Thanksgiving at a gravel lot in Chattanooga is normal for owners of Weaver Tree Farms in North Carolina

Photography by Olivia Ross / John Weaver of Weaver Tree Farms surveys his stock of pumpkins and other fall decorations at the gravel lot on Signal Mountain Road. The lot will soon be stocked with Fraser Firs.

John Weaver and his family will have Thanksgiving dinner in a gravel lot on the shoulder of Signal Mountain Road, but they're good with it.

Weaver and his wife, Suzanne, own Weaver Tree Farms and the gravel lot next to the Baylor School entrance. That's where, from mid-November to mid-December, they sell trees harvested from their West Jefferson, North Carolina farm -- and do what they can with the Thanksgiving feast.

"There are usually a dozen of us, including six or eight guys from the farm," the 61-year-old Weaver says. "We'll have [the meal] catered, and we'll probably eat in shifts because Thanksgiving Day is busy. And Black Friday is our single busiest day -- absolute chaos."

Chaos probably isn't what most people have in mind for Thanksgiving, but Weaver's an old hand -- he and his family have been at it for 37 years now.

"I had an aunt and uncle who lived here 50 years ago, and they suggested we come here," Weaver says. "We opened our first retail location here in 1985. When my mother and father aged out, I kept going with it."

"So many folks in this town have been so good to me over the years," he adds. "When I first came here in 1985 and saw downtown, I wasn't sure I belonged here. But ever since, with all the improvements, it's just great. I'm proud of what Chattanooga's done."

Weaver says he plants 10,000 new trees each March on his 180-acre farm in North Carolina, on which 250,000 trees are growing at any one time. He also plants pumpkins in May.

Once the pumpkins are harvested in September, they're transported to Chattanooga to be sold ahead of Halloween. And once the pumpkins are gone, Weaver returns to North Carolina, where he spends a little over a week, harvesting about 1,000 trees per day.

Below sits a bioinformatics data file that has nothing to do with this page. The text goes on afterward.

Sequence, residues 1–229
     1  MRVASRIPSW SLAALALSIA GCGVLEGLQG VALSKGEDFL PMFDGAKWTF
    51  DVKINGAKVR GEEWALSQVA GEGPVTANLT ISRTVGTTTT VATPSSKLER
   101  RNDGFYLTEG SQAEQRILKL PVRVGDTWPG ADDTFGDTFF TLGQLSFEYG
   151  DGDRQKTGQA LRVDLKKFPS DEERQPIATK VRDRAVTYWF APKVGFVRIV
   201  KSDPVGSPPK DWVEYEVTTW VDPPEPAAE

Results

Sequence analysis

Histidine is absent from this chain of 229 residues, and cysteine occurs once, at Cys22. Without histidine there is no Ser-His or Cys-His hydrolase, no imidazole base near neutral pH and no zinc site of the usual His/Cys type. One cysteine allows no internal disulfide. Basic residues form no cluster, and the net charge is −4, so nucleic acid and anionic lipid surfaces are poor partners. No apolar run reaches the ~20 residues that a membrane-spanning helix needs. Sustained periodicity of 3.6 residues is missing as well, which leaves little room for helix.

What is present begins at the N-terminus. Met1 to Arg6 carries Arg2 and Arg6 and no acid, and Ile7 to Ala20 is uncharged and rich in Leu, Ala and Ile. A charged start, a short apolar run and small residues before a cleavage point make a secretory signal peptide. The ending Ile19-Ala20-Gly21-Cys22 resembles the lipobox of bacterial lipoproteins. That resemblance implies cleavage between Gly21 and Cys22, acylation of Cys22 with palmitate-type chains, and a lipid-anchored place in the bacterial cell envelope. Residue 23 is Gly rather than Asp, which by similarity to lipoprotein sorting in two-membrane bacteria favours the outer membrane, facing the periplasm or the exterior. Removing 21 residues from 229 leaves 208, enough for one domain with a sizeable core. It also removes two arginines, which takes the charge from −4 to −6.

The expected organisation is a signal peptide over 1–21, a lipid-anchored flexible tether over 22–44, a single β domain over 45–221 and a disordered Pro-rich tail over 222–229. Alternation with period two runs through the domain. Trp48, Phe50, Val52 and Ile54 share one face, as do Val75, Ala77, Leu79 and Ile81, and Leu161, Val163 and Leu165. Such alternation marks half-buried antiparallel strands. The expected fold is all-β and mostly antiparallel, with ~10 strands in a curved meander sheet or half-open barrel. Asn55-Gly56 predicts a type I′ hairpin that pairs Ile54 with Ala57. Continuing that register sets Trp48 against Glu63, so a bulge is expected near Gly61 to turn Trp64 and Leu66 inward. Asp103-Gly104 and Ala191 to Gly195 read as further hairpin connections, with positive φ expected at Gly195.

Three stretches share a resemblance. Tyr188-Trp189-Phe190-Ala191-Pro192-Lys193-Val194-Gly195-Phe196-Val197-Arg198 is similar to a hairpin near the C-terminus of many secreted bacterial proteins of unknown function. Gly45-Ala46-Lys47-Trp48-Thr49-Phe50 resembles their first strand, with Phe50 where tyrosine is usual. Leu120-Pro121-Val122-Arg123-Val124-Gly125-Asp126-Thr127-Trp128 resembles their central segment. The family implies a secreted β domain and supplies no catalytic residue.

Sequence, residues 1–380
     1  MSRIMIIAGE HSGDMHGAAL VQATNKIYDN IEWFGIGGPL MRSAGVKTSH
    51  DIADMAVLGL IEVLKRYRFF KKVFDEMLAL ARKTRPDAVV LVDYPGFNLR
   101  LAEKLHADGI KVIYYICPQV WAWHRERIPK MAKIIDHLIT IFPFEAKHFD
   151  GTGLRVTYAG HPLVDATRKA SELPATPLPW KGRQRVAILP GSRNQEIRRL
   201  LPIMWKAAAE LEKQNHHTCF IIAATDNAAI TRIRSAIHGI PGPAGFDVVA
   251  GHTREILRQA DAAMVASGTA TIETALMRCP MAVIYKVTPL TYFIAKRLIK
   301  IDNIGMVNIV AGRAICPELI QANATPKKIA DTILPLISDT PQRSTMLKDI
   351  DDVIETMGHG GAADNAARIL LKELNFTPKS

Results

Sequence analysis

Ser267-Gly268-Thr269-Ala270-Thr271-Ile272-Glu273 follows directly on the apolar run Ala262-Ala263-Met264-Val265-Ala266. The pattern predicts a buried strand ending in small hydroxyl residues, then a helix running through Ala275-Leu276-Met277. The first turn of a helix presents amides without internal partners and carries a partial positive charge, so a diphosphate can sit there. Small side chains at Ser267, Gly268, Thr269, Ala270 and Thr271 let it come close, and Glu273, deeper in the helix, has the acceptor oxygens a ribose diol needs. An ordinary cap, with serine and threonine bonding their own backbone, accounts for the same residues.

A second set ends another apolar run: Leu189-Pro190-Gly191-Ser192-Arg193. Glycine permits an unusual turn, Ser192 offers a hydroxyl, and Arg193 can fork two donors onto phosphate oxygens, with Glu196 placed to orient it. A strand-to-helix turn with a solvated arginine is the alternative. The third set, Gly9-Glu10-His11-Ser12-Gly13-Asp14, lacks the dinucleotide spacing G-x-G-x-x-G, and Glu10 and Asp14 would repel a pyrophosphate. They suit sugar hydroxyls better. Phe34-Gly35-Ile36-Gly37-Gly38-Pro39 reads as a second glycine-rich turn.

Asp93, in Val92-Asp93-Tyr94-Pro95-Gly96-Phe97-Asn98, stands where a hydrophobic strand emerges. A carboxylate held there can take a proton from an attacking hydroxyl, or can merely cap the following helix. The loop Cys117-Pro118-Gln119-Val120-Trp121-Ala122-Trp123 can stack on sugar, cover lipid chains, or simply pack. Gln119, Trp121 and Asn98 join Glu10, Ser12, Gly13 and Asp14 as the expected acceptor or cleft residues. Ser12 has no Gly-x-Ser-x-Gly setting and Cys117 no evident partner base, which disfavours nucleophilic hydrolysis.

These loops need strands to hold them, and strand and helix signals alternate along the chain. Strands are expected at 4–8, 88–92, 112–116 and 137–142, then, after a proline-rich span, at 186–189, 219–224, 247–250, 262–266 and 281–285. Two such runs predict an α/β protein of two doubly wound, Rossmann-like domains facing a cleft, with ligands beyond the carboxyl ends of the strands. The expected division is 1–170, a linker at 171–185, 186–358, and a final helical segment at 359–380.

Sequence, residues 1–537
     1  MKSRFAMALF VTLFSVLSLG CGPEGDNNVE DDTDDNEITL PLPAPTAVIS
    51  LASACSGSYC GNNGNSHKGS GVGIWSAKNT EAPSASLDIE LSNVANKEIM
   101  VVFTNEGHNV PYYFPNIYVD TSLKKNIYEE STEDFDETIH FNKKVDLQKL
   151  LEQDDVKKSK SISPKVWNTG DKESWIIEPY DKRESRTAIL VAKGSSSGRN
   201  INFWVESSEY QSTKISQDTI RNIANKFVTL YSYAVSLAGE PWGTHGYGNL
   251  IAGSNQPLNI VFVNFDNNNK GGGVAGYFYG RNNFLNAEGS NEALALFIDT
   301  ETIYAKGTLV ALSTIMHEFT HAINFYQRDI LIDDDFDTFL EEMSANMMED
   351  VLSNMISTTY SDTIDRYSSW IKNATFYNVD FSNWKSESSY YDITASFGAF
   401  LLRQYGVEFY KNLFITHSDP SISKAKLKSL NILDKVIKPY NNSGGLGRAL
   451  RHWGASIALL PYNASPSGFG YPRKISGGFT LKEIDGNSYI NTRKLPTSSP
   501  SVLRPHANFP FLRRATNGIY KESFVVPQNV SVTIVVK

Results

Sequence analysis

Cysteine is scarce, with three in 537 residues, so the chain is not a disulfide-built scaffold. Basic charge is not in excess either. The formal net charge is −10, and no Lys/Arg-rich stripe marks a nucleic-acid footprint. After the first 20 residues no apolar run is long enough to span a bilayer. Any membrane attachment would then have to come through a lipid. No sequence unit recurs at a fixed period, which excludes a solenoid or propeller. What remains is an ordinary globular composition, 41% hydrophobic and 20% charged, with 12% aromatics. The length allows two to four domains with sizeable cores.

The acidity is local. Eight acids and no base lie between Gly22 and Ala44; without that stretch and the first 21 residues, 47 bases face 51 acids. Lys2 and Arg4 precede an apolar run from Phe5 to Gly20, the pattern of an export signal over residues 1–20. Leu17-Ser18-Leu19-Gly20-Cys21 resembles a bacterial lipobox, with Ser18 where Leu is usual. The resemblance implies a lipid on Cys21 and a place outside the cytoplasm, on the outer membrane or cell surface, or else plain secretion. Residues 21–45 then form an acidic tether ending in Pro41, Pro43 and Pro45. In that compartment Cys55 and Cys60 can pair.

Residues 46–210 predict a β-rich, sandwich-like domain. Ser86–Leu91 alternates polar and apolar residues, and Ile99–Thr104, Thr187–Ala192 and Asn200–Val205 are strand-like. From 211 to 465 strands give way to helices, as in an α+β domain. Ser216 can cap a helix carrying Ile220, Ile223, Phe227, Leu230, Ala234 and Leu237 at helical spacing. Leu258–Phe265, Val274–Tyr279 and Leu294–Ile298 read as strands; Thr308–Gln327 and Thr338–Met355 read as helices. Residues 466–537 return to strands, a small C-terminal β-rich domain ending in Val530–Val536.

"Basically, all we grow is Fraser Fir," he says. "Best needle retention, best color, best smell. When you walk into a home with a fresh Fraser Fir, it really starts the holiday season."

Thousands of those trees go to wholesale customers, he says, but he'll sell 2,500 to 2,700 in four to five weeks at the Signal Mountain Road lot. Last year was the best ever for the business, Weaver says.

"I was home, sitting in my chair by mid-December," he says, adding that the 2021 sales were likely due to people wanting to "get out, decorate and enjoy fall and Christmas" after a pandemic-plagued 2020.

"COVID affected us all, whether we want to admit it or not, and it's still not exactly the same as it was before."

Weaver says he used to roll out his trees in Chattanooga on Black Friday, but now opens a week earlier.

"Chain stores have Halloween up in August, and a lot of stores have Christmas up [in September]. Our busiest weekends used to be the first two in December, but now it's two weekends earlier.

"Opening a week earlier gives us more time to work the bugs out. But the thing I don't like is that we're kind of forgetting about Thanksgiving. I feel we need to take some time to celebrate and give thanks," he says.

Weaver estimates that, combining wholesale and retail, the business grosses $600,000 to $750,000 annually -- which, he's quick to add, isn't as much as it sounds.

"It takes about everything to pay the bills. There's not a lot left."

So how much longer does he want to stay at it?

"For a while," Weaver says. "I keep threatening to quit. And I don't like being away from home. But we've been doing this 37 years -- a few more won't make any difference."